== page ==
As almost 125,000 students across the country begin their Junior and Leaving Certificates this week, St Patrick’s Mental Health Services (SPMHS) is encouraging parents to take simple steps to look after young people’s emotional wellbeing during the exam period.
While increased pressure and a sense of the unknown can escalate anxiety and stress for young people sitting exams, experiencing these feelings is entirely normal, and using proactive tools to manage them can, in fact, be helpful during intense situations like the state exams.
Paul Gilligan, Chief Executive Officer of SPMHS, said:
“As parents, a day never passes that we don’t worry about or for our children. This can be especially true around exam times, which often represent a major stressful life events for our children. Raising young people to be emotionally healthy and resilient is one of the most important tasks we undertake. It is vital that we first and foremost support young people’s positive mental health and equip them with the tools to manage their emotional wellbeing, rather than focusing solely on their academic achievement.”
Dr Colman Noctor, Adolescent Psychotherapist at SPMHS, advises parents that empowering young people to accept and control their stress levels during exams has a long-lasting impact. He added:
“With anxiety levels running high at exam time, we may intuitively think that downplaying stress and eliminating all triggers is the best support for young people. However, acknowledging their anxiety and finding ways to cope with it is a much more effective solution.”
Five tips which can help with managing young people’s mental wellbeing at exam time include:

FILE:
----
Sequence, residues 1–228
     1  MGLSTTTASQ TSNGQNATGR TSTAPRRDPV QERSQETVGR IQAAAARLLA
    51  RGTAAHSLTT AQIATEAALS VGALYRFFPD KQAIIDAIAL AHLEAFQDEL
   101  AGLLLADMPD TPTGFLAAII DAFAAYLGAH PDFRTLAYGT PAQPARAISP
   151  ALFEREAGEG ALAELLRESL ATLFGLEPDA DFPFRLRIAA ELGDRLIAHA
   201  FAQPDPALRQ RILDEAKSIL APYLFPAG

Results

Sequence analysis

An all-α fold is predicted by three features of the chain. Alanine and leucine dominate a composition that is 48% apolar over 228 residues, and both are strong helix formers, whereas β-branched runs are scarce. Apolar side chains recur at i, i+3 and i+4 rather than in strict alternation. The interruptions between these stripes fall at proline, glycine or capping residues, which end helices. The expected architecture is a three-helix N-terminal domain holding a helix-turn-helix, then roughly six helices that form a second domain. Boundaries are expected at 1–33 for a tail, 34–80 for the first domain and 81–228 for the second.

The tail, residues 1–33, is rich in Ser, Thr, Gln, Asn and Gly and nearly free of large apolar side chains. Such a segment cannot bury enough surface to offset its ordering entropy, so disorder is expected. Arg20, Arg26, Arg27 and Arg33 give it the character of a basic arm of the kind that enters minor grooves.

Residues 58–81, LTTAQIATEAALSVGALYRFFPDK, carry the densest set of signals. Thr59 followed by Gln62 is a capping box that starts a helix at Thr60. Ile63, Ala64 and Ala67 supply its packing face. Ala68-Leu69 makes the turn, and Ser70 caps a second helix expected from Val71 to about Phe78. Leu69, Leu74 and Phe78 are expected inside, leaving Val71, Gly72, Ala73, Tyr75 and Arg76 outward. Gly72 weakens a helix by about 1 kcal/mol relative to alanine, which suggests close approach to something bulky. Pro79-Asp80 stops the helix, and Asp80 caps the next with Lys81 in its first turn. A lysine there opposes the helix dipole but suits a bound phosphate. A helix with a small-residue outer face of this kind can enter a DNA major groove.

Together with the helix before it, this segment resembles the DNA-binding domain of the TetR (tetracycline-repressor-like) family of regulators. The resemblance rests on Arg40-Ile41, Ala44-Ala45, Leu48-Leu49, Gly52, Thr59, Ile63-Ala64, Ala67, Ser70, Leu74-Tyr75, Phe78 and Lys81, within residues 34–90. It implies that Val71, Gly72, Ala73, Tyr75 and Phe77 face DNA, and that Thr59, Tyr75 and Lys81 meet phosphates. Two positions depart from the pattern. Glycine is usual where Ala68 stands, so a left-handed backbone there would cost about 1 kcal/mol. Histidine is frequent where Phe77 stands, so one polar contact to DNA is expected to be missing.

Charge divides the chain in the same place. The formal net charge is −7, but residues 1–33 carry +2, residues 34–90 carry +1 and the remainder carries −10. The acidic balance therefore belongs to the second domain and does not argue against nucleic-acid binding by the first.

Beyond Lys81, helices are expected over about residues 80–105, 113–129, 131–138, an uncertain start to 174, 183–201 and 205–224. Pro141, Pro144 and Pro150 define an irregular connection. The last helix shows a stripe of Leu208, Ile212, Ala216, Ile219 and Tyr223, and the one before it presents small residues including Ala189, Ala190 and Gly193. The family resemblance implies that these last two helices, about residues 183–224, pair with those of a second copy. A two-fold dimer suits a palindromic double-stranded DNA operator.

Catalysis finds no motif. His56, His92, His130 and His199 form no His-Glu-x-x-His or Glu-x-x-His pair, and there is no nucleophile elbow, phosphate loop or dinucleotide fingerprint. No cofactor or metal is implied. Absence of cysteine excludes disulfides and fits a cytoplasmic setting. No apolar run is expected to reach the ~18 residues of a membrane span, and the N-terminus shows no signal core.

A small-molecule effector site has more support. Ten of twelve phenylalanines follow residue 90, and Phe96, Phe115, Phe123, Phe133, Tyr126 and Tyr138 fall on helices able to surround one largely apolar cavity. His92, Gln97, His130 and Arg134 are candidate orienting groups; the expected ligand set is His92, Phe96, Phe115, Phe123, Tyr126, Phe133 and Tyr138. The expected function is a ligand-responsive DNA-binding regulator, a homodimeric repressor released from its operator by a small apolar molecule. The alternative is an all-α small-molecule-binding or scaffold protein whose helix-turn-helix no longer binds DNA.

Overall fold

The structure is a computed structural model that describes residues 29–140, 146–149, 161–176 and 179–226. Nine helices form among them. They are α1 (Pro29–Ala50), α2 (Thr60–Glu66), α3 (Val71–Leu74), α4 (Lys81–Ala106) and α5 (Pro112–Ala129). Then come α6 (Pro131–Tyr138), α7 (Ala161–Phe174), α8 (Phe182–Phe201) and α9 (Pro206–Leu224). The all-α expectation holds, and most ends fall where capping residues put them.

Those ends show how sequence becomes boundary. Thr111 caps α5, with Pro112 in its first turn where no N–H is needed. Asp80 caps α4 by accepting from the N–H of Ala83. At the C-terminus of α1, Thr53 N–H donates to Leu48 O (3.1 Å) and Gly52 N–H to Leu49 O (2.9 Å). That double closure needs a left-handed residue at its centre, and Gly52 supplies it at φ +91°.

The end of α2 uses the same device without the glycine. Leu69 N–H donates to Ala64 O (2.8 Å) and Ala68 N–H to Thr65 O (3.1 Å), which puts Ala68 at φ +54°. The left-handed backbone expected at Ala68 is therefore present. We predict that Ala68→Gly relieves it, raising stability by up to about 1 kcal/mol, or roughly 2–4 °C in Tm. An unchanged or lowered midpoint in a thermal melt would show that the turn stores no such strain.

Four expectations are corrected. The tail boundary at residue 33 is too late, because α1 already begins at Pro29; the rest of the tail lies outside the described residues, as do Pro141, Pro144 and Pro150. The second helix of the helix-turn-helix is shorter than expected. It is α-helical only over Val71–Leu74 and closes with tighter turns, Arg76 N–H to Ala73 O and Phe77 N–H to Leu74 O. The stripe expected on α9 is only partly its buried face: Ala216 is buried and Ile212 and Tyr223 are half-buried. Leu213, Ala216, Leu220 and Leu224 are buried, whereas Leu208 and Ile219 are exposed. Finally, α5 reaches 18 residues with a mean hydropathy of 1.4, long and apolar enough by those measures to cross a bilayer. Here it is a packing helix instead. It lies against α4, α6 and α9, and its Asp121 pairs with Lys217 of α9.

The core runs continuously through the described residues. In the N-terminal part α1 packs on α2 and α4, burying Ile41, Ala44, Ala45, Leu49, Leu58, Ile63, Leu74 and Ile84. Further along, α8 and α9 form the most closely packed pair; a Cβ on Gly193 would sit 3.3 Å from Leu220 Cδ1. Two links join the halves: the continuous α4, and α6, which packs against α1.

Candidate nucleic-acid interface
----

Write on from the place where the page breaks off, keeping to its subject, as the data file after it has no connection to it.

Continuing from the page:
- Allow exam stress to be experienced and expressed.
Try to avoid exam stress from becoming ‘distress’ or ‘panic’. You can do this by acknowledging the feeling the young person is having and introducing something helpful to address the feeling, but not dismissing it. Introduce context, reality and perspective into the conversation.
- Pick your battles.
High stress can trigger irritability. Your teenager may be unreasonably cranky at the moment. Deep breaths and let it pass. There’ll be plenty time for apologies and negotiation in a few weeks.
- Don’t downplay distress by saying it’s no big deal.
This is a big deal to the young person. These statements don’t provide reassurance: they provide feelings of being misunderstood and invalidated.
- Provide space to talk, be approachable, be available - but don’t become a nagging supporter.
Invite your child to speak and seize the moments when they do, but try not to pressure them to talk to you. This can be counter-productive. When they do speak about their worries, be kind, listen intently, acknowledge their stress and sit with them. Avoid fixing, minimizing or talk of repeating...
- Give them the support they need, rather than what you think they need.
If your child has under-prepared, being reminded of this ahead of the exam will achieve nothing productive. Accept the ‘we are where we are’ position and try to support them to perform as optimally as they can by encouraging good, sleep, exercise, nutrition - and multiple cups of sugary tea.